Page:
THE CHURCH OF ST MARY THE BLESSED VIRGIN
HARTLEY WESPALL


The date of the original building is unknown, but there is evidence of the existence of a timber-built Nave in the 13th century, possibly the, oldest example in the South of England. Much of the woodwork is notable. The beams of the roof and the four moulded supporting pillars, and the woodwork of the doorways, is late -13th or early 14th century.

The unique half-timbered construction of the west wall, seen from the exterior, has been dated by experts as 1320-1330. The massive beams are sometimes thought to be 'ship's timbers', but the craftsmanship and the cusping give reason to believe that they are of West Country origin; and this is likely to be so as, John Drokensford, Bishop of Bath and Wells, one of the Bishops of whom Edward. II wrote to the Pope, saying that he would no longer tolerate him in his kingdom, held the Manor of Hartley Westpall and exercised his patronage in 1324.

The first Rector was Edmund de Bedewyn. He was given charge of the Church on 2nd January, 1286 by Isabella de Cadurcis, Prioress of Hartford Priory (near Hartley Wintney), to which the Rectory of Hartley Wespall was annexed, and was instituted by the Bishop on 10th May in the same year.

An extract from a record of Vestry Meetings in 1758 reads:

'Arid it was recommended to the consideration of all persons entitled to seats amicably to agree to such a distri- bution of the pews, as that a man and his wife and family be not separated during Divine Service as at present, the wives and all females being now unreasonably and unsuitably
thrust down to the very bottom of the Church into the most cold and disagreeable places!'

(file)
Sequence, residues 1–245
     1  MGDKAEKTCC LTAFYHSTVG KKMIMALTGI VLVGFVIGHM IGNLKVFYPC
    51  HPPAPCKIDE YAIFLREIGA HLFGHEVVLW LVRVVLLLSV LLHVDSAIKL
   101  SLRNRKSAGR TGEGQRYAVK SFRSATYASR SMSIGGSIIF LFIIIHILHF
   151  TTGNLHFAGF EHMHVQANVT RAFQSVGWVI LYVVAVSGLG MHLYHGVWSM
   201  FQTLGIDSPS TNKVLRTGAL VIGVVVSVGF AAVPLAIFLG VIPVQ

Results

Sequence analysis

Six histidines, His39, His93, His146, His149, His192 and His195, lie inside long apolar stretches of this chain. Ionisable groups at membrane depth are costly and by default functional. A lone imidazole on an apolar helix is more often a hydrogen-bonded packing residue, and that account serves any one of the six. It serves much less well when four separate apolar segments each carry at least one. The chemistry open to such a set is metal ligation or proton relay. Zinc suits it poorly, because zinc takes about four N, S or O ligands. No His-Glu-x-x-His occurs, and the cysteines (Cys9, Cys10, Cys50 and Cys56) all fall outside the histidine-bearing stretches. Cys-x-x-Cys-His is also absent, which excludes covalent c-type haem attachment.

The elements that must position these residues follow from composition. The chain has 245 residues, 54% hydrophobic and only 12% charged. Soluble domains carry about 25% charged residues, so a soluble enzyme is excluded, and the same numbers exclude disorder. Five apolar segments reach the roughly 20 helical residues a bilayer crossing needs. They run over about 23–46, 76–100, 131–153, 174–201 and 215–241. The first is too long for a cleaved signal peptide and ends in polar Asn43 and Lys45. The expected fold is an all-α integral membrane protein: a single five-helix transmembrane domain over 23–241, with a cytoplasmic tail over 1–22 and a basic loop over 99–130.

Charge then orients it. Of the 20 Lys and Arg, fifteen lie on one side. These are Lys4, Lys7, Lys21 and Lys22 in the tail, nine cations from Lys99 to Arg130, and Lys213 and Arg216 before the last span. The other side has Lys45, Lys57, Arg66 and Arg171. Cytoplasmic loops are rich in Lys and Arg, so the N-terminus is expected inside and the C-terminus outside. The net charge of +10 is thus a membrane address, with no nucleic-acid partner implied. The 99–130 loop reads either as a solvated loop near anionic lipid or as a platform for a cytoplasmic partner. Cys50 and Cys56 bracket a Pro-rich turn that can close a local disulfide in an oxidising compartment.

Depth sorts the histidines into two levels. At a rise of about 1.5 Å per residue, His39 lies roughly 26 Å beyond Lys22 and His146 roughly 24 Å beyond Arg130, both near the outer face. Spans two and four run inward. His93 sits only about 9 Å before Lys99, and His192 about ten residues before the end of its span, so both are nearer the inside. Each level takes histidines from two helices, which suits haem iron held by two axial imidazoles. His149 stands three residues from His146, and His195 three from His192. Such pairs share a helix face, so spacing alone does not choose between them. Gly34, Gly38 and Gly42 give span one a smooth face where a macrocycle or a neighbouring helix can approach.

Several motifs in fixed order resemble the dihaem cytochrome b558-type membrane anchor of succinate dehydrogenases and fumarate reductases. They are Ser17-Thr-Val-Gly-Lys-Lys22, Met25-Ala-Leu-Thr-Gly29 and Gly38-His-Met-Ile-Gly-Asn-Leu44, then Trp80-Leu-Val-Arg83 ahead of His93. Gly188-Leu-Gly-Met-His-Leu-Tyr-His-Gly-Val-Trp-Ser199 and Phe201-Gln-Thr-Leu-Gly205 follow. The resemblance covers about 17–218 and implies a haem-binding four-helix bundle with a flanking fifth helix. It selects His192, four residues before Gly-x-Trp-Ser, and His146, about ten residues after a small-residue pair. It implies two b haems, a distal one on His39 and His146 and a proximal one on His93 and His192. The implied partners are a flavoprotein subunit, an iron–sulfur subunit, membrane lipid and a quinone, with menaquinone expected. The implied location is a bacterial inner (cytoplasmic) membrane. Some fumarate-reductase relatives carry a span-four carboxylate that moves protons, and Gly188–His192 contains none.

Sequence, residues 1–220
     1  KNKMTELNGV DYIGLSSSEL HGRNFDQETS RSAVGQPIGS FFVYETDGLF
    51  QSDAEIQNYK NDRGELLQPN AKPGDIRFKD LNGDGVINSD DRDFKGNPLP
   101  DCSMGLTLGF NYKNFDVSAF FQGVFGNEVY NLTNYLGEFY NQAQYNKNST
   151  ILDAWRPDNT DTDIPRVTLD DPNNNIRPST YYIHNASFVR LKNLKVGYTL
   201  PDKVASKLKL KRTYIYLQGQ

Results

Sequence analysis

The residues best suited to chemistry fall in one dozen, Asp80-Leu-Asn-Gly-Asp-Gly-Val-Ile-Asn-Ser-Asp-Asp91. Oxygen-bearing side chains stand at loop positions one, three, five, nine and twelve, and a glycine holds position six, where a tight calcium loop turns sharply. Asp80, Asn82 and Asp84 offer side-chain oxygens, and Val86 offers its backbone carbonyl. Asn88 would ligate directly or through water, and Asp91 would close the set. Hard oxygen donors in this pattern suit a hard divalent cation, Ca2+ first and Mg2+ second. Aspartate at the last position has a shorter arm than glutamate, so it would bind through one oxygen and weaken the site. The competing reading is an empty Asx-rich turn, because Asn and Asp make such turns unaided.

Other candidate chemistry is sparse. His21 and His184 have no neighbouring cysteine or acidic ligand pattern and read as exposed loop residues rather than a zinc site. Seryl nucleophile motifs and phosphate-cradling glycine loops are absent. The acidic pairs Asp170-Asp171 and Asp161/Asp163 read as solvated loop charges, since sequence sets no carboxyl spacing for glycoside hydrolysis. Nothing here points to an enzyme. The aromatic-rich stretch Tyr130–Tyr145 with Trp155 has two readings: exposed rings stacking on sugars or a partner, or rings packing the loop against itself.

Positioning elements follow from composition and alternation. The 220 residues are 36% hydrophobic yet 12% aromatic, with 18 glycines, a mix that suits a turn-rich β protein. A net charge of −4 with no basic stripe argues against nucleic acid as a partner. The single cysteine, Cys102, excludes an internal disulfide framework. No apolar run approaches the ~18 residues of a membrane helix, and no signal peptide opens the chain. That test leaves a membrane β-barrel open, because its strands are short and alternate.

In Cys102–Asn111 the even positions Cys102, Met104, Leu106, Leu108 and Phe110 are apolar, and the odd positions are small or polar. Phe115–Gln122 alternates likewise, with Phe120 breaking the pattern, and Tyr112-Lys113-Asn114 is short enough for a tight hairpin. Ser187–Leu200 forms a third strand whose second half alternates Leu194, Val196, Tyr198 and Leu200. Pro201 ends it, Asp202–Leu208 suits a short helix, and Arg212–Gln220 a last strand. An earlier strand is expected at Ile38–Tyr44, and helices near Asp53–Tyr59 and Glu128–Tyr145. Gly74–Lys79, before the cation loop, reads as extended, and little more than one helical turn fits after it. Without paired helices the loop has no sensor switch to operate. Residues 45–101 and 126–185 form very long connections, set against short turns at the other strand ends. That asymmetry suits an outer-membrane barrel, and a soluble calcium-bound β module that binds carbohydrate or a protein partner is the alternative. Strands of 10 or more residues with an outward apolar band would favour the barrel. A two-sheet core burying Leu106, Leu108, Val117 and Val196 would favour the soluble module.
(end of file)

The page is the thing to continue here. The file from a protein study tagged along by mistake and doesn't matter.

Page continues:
In 1868 the Church was fully restored under Sir Gilbert Scott. (This also applies to the organ casing). The Bell-tower and Spire were removed from the west end, where they obscured the timbers of the west wan. and were replaced where they now stand. The stone flints which face the outer walls were taken from the Roman wan at Silchester,

The marble memorial on the North wall of the Nave commemorates the Rt. Hon. Abigail, who. by the death of her five brothers, became the heiress of William Pitt of Hartley Wespall. She married Raiph, Baron Stawell of Somerton in Somerset, and died in 1692. Her memorial is a typical example of the classical style and workmanship of the 17th century.

The window on the North side is the memorial to William Grant Broughton, Curate of this Parish in 1818. He became the first Bishop of Sydney, N.S.W., and later, the first Archbishop of Australasia.

 
The Crucifix hanging above the Screen is our village War Memorial : the names of the Fallen appear on the plaque on the North wall.   The stone tablet immediately below the Sanctuary, on the floor of the Quire, has now only two portions of the original brasses.

The inscription reads on the Quire tablet reads

'John Waspail, sometime Patron of this Church, who went the way of all flesh on 20th November 1448, and Jane, his widow, relict of John Pakenham, who died 20th May 1452 are buried here, upon whose souls may GOD have mercy. Amen.'

Hartley Wespall derives its name from the Waspail family, one of whom, Nicholas, was Rector in 1349. He died six months later, probably a victim of the Black Death. John Pakenham *, mentioned above. became Recto;' in 1454, after the death of Jane. In 1806, a Lady Catherine Pakenham, married Sir Arthur Wellesley, then Major-General, afterwards Field Marshal The Duke of Wellington, K.G.

 
On the South side of the Sanctuary stands the tomb of John Keate, D.D., Canon of Windsor. For 24 years he was the 'flogging' Headmaster of Eton College; and for the following 24 years Rector of this Parish. On his death in 1852, Old Etonians rebuilt the Chancel as his memorial. His son, John Charles, succeeded him and held the Benefice for 45 years, and on his death in 1894. parishioners erected the alabaster Reredos. and Richard Durnford. Esq.. the Lychgate. to his memory.